Scenario 1: When you already know (or have just personally introduced yourself to) everyone in the room.

In an intimate presentation setting, as people enter the physical or virtual space, you may have the opportunity to introduce yourself. If you do, take it! This is an excellent way to establish rapport with the people you will be talking to ahead of time. If you remember their names, you can mention them or call them out during your presentation to keep the level of personal connection going. If you have already introduced yourself, you don’t need to do it again at the start of your presentation.

Scenario 2: When someone else will introduce you.

It’s worth finding out ahead of time whether someone else will introduce you before you speak. If so, you likely can provide them with details for your introduction, where they will establish your credibility for you and get the audience excited about what you have to say.

I once heard a presenter get an AWESOME introduction on to the stage, full of mind-blowing accomplishments and details, and I was thinking “I can’t wait to hear what she has to say”. And then…after getting on the stage, she spent the first several minutes repeating all these same details again. It definitely halted the momentum created by the announcer and got the presentation off on a weird footing.

Scenario 3: When your personal history doesn’t add any value to your message.

I know that might sound harsh. I deeply appreciate that we are all special in our own way (at least my mum told me so!) and that our personal stories are important to US. But what I’m really getting at is this - is your background relevant to your audience, and to the goal of your presentation?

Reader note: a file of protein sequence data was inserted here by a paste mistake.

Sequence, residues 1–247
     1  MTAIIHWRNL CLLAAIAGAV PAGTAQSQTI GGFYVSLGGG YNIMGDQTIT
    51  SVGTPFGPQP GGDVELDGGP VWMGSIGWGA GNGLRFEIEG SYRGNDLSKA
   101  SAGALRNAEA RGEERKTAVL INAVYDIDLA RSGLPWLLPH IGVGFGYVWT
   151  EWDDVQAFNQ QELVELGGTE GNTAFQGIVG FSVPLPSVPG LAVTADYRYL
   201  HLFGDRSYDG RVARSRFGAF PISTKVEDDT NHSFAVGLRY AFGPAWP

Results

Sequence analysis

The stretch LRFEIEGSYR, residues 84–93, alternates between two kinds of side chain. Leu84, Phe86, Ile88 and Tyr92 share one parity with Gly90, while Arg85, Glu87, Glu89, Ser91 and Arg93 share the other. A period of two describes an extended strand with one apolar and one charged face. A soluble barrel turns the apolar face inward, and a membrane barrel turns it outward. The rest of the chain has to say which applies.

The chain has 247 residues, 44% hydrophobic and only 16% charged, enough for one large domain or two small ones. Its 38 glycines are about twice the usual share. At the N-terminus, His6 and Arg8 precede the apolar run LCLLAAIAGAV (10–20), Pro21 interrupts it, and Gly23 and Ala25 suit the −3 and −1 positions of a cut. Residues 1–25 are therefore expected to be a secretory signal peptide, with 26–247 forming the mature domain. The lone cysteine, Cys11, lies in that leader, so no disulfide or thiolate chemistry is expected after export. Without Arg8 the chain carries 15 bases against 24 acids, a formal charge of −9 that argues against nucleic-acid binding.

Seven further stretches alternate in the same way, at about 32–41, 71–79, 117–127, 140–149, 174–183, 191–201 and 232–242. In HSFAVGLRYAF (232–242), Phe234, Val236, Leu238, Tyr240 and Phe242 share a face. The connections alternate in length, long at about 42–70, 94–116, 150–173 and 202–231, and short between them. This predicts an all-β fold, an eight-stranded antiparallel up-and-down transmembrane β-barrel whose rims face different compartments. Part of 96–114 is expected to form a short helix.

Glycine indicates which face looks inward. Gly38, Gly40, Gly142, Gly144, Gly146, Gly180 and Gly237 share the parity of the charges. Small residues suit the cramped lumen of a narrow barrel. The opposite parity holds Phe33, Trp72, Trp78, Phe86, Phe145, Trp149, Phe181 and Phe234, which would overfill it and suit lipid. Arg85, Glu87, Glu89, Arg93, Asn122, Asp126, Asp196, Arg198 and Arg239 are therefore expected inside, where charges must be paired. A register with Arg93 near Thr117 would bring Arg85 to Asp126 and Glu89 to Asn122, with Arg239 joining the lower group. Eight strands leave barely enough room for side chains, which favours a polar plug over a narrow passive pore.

You might reason that you MUST share your background so that the audience will acknowledge your experience and authority to talk on the topic at hand. But think about this, even if no one is introducing you before you speak, as the speaker you already have implied credibility. You are the one with the microphone, so therefore the audience expects you to have a level of knowledge on the topic (otherwise, WHY are you speaking?!). Your name and your title are probably on the opening slide or meeting agenda, and those things combined might be enough for the audience to know.

If your audience is ready to listen to what you have to say on a topic and you spend too long trying to convince your audience why you are the one talking, it can easily backfire and have the opposite effect.

The whole point of the introduction

If we come back to where we started. Your opening words can be some of the most important in your whole presentation. My advice is this: Begin your presentation with a well-prepared, powerful statement. I like to start surprisingly to grab my audience’s attention, to engage their emotions in my topic right up front, and then do a short preview of my main points. If your personal history hits on all these points, and you are beginning with a powerful one-liner, fantastic! Go for it. If your topic is more important than your life story, get straight to it.

To help distill my thinking on this topic, I created this handy graphic to reference. I’d love to hear your thoughts!